Saturday, October 24, 2009
As I was eating my zero sugar cereal yesterday morning, I happened to check out the Trader Joe's unsweetened rice milk I pour over it -- 12g! I picked up the 1% milk that my husband uses, and it's 11g. Ugh. And there's high fructose syrup in my English muffins. So I guess I'm going to have to shop a bit more carefully. I know I said I was just going after desserts, snacks and other obvious forms of sugar, but I think I have to refine that just a bit more now. I'm not turning into a sugar cop, but I am going to try to be more careful.
Leroy says the key isues are "fresh" and "not more than 3 ingredients" and "look out for most forms of "-ose" in the ingredient lists. He patiently explains to me that the body can't live without sugars and that they are in all fresh fruits and vegetables. As a diabetic, he has studied sugar in more depth than most doctors, and was taught by an endrocrynologist and a dietician.
He reminds me that Irish whiskey certainly has a fair amount of sugar, which I know. It's the one over the top exception I identified at the outset, along with promising him and myself that I would not become a sugar cop.
Thursday, October 22, 2009
This may sound a little extreme, but I think it's true. Life is made up of many new beginnings. Some of them are called "changes," and may include elements of fear and anxiety. Many of them are filled with joy, if we could just slow down long enough to recognize it. How hard is that, really?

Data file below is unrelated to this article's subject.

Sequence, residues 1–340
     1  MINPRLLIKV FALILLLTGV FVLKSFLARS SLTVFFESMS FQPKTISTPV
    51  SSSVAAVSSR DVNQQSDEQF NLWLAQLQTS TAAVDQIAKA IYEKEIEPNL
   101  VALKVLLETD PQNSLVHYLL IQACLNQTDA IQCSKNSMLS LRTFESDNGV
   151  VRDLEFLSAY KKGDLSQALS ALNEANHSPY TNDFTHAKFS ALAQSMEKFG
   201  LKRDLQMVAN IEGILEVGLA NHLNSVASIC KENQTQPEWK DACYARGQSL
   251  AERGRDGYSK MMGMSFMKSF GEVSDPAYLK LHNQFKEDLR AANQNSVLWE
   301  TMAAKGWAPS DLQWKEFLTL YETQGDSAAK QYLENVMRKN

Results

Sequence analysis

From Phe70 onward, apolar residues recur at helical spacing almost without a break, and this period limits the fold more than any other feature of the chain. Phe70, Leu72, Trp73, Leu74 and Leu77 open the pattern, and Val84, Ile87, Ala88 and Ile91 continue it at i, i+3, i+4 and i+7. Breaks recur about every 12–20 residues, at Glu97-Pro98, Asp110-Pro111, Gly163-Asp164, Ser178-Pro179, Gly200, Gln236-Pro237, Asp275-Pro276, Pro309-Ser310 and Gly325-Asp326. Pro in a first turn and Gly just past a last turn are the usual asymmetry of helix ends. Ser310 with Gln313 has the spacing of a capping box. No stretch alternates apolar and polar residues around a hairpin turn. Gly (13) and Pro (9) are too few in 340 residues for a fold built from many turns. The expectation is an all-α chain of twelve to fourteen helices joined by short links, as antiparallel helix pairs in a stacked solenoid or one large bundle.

Wednesday, October 21, 2009
Tuesday, October 20, 2009
Tuesday, October 13, 2009
Thursday, October 8, 2009
Wednesday, October 7, 2009
Honored Council Members –
My name is Annie Searle, and I am a member of the Seattle Public Library Foundation Board. I have used the library for over 30 years, in particular the University, Green Lake and Northeast branches. The Mayor requested cuts to the Library’s 2010 budget of 5 per cent. That’s $2.8 million for a public institution that provides basic services to the entire community and is our most democratic of institutions. I do not envy your deliberations, but think it is as important to present a full case for not making these cuts as it is to maintain our public safety budget.
We have now completed work on 27 new or expanded libraries, including the Central Branch. Citizens, as we saw last month, expect their libraries to be open.
Every essential service is stretched thin in this economic climate. When I was last here, I talked about those who are out of work and their dependence upon the library to prepare resumes and perform job searches. Since then, the branches have begun to feel the impact of students whose school library services have been reduced in the current climate. In this environment, library services like the homework center become even more important as teachers and parents are stretched.
Susan Hildreth will explain the calculation that she and library board made on reducing hours past a one week closure. To me, these reductions are as unacceptable as any cuts to the library’s materials budget. It would be a different story entirely if we had seen use of the libraries decrease, or if we had not invested heavily in the library’s infrastructure so as to serve greater numbers of people.
I ask the Council to decline the Mayor’s request for these cuts, and to restore the budget so that the citizens of Seattle, especially those out of work, can depend upon the tools and resources that the library offers to each of us. Thank you.
Thursday, October 1, 2009
Here's table captain Julie (center) listening to KOMO-TV's Kathi Goertzen, the mistress of ceremonies. From the program: "Over the past few years, Kathi has had several surgeries to deal with a recurrent non-cancerous brain tumor. She continues to recover from the effects of surgery and radiation on the nerves that control her voice, swallowing and facial movement. She has been open about her experiences and tries to help others faced with similar health challenges."